In times of turmoil, it becomes ever more crucial to step up and support those around you. Meet the two Nigerians who are relentless in their hopes for a better future for their community in northeast Nigeria.
Nigeria is a diverse country, sporting areas of great wealth, but also those in abject poverty. In 2019, already 40.1 % of Nigerians lived below the country’s poverty line, amounting to almost 83 million Nigerians that lived in poverty at that point of time. The COVID-19-pandemic has only worsened living conditions for Nigerians – an additional 12 million people are expected to be pushed into poverty in 2022.
Since 2014, Nigerians have had to endure ongoing conflict and violence, causing countless to flee or be displaced. Added to this, climate shocks and food insecurity, as well as a lack of resources for health care and education — all of which have only been exacerbated by the COVID-19-pandemic — have left 10.6 million Nigerians in need of humanitarian assistance, especially in the country’s northeast.
Through funding from the European Union (EU), the IRC can provide integrated health, nutrition, WASH and protection services to local and displaced communities in northeast Nigeria. Services range from the provision of supplies, such as nutrition packs and dignity kits, to comprehensive counseling sessions and referrals.
Meet Tada, a Protection Officer with the IRC, and Umar, a local community leader both of whom have been unrelenting in their passion to support the local community in Gwoza, located in the northeastern state of Borno — and crucial in bringing them together with organisations such as the IRC.
There is nothing that 32-year-old Tada wants more for his community than having a sense of stability return. “I hope to see the lives and livelihoods of affected communities restored and improved, to the extent that, eventually, my community can stand on their own, just like before the conflict,” he says.
Tada has been working as a legal assistant with the IRC for three years. Apart from making sure goods and services provided through EU funding reach clients, he is always keeping in touch with the people in his community.
Tada’s passionate about creating a safe environment and building relationships, ensuring that people from the community – especially those that are most at-risk, or hesitant to accept support from outside – feel safe enough to voice their concerns, problems and needs. During his time working with the IRC, he realised that the most pressing needs his community had were much simpler than one might expect.
“Essentially, the biggest challenge here is the food shortage,” he says, explaining the challenges his community faces. In Gwoza, food distribution by various humanitarian organisations has reduced drastically – when in 2021, food distribution covered about 71,000 thousand households, at the beginning of 2022, only about 26,000 thousand were reached.
Persistent conflict and violence prevent many from accessing their farmland and securing their livelihoods, causing the majority to be dependent on these distribution programs to meet their basic needs.
“As a result of the food shortages, many just struggle to survive,” Tada explains. “Additionally, many of our clients are faced with growing challenges to their mental health.”
When asked about the most difficult aspect of his job, Tada’s answer comes quickly: “Not being able to support a client,” he says, a solemn look on his face. “Having my hands tied, either because of lack of funding or because we cannot refer them to a partner, or anyone else who can address their needs and concerns.”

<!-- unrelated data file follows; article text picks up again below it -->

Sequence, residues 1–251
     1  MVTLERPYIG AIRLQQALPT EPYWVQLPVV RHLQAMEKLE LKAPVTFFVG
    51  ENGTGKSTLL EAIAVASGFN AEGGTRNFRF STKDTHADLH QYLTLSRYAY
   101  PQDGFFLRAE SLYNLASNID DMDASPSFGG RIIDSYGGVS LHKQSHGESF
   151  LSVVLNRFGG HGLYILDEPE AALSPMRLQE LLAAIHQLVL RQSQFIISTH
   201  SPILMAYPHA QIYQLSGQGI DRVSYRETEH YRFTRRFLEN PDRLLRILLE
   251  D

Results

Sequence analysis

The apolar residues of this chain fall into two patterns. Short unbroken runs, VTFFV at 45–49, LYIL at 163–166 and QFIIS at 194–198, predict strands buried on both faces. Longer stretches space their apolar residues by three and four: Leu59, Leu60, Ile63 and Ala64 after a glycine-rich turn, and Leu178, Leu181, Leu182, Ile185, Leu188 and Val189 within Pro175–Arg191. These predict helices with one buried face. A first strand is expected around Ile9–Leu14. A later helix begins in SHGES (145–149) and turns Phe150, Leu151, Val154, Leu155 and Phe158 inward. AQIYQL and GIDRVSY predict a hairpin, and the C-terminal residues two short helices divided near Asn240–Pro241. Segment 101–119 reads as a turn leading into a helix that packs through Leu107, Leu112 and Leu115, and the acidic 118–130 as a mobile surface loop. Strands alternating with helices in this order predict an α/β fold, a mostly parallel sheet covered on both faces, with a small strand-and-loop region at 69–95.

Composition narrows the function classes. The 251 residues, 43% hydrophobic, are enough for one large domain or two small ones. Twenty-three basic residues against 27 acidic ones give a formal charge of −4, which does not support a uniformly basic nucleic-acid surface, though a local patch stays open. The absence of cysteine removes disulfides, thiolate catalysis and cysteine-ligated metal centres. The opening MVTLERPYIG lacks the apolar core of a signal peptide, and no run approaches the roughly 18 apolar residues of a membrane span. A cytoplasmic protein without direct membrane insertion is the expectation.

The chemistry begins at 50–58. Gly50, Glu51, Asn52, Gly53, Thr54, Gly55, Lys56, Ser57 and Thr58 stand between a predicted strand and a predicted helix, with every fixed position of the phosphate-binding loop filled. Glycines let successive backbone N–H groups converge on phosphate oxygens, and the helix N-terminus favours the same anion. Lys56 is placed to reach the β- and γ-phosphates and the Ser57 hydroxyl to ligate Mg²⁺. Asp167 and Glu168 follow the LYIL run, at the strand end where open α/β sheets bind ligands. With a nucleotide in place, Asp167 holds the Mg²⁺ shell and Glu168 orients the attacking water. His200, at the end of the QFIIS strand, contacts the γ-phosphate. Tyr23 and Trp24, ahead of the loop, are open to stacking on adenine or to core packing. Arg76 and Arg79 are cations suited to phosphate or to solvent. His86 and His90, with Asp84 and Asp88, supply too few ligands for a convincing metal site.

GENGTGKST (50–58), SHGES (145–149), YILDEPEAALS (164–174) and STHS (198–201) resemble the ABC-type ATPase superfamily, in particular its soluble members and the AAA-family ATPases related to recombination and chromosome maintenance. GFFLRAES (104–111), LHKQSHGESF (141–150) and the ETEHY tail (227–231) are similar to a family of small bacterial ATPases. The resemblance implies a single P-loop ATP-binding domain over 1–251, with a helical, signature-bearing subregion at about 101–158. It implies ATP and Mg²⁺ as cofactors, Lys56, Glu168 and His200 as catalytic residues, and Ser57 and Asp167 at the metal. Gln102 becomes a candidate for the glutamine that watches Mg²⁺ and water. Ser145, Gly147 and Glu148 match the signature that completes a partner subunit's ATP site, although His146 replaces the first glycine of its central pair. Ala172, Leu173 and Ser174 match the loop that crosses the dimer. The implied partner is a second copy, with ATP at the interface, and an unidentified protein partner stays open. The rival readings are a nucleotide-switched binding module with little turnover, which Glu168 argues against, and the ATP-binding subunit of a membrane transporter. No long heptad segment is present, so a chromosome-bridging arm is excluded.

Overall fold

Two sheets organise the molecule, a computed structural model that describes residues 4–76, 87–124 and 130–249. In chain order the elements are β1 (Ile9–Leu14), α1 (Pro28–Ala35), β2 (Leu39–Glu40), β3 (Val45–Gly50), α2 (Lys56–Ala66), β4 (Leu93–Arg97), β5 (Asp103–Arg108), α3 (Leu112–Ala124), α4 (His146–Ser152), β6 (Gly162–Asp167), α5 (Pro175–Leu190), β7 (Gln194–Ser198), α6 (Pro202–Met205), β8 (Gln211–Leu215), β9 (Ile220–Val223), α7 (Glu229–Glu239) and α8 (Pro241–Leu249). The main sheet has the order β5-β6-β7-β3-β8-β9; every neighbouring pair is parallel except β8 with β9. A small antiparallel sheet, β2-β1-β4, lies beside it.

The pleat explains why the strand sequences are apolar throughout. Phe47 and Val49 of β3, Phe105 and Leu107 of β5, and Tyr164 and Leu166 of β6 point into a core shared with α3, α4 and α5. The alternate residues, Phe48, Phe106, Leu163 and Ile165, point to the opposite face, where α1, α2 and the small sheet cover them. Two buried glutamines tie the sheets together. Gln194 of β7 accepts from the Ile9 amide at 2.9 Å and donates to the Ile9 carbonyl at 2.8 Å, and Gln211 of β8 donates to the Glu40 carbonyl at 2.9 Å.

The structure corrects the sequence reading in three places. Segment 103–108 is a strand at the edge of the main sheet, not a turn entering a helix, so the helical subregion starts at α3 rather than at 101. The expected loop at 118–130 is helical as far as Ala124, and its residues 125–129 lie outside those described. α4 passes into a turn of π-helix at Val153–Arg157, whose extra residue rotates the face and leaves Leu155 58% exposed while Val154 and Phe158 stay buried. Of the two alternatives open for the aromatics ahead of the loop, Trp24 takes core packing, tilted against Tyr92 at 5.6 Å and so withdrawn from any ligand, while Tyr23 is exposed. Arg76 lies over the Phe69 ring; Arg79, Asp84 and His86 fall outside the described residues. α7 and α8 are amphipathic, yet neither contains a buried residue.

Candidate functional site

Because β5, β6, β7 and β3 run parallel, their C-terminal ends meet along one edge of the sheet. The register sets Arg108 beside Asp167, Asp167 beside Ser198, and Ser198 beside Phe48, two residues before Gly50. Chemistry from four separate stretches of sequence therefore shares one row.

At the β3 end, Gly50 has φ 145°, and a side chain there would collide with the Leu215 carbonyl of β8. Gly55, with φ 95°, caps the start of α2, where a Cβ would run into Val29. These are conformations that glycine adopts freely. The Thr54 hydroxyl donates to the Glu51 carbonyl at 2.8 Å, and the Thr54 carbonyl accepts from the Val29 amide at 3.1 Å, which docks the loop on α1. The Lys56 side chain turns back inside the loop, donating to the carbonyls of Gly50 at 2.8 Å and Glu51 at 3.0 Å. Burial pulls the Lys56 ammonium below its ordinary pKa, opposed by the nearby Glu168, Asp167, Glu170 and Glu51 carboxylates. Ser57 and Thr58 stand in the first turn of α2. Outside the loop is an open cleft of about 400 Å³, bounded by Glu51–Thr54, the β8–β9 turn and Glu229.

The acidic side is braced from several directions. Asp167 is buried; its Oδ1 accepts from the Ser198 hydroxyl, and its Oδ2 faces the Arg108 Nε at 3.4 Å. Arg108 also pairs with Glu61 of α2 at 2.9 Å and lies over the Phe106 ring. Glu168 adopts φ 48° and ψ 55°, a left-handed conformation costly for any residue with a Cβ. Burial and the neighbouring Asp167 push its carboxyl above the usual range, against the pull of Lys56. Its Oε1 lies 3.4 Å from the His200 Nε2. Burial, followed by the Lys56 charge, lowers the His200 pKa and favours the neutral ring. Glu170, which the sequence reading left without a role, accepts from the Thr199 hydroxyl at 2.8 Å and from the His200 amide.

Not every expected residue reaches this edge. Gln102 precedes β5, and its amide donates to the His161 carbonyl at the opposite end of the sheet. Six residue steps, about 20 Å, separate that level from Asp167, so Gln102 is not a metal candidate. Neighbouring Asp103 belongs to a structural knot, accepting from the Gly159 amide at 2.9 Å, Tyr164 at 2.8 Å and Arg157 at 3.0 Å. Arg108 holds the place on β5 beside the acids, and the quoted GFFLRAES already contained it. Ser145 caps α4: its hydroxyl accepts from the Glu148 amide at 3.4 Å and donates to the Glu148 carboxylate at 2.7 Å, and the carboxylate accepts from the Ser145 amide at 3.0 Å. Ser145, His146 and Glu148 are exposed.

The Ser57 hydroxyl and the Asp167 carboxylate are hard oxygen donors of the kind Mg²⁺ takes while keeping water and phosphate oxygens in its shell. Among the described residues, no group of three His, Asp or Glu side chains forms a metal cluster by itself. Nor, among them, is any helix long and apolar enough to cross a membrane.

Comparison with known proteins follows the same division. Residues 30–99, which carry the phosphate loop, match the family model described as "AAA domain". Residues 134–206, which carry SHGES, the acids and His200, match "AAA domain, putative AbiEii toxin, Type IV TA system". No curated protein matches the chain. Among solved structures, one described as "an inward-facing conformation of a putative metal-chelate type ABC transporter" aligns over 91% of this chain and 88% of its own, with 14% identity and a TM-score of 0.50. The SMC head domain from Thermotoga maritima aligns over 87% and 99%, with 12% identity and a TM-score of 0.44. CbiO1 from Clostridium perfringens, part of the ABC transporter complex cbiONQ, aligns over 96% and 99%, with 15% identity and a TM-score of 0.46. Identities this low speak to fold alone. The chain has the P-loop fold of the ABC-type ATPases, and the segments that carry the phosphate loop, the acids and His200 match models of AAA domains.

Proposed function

Touching people’s lives, no matter how small the deed, is enough for me.
But more often than not, Tada is able to help and support the community members that need his help. Even through the hurdles he faces, he’s motivated by realising that many find solace and relief in the fact that he cares about their well-being. “The most rewarding part about my job is seeing how happy the clients are after I have been able to help them,” Tada says. “Touching people’s lives, no matter how small the deed, is enough for me.”
Umar considers himself a man of the people. Selected by his community in Gwoza to represent their needs to organisations such as the IRC, he’s proud to be the one who’s responsible for elevating the issues faced by his neighbors.
“I do everything with respect for their norms and values,” he says, confidently. He provides counsel to those who are facing difficult times, and he is the first point of contact when any problem or conflict arises.
To me, being a leader is someone who sets the direction for other people.
In times of crisis, Umar knows that it’s extremely difficult for people to shift focus from themselves and come together for the common good. “I’m a leader because I wish to help my people live peacefully,” he says, explaining why he takes on this responsibility. “To me, being a leader is someone who sets the direction for other people – who assists, supports, and encourages others – and who always has the community’s interest at heart.”
Given all the challenges that people living in northeast Nigeria have to overcome daily, only few are successful in having a positive outlook towards the future. Umar is one of those people – his hopefulness towards better days to come radiates from his face. “Where there is life, there is hope,” he says, smiling. “And we hope for a greater future, with rebuilt lives and businesses, and love and caring among ourselves.”
The International Rescue Committee partners with the European Union to provide life-saving support to people caught in conflict and disasters around the world. Our work funded by the EU enables people to survive, recover and rebuild their lives.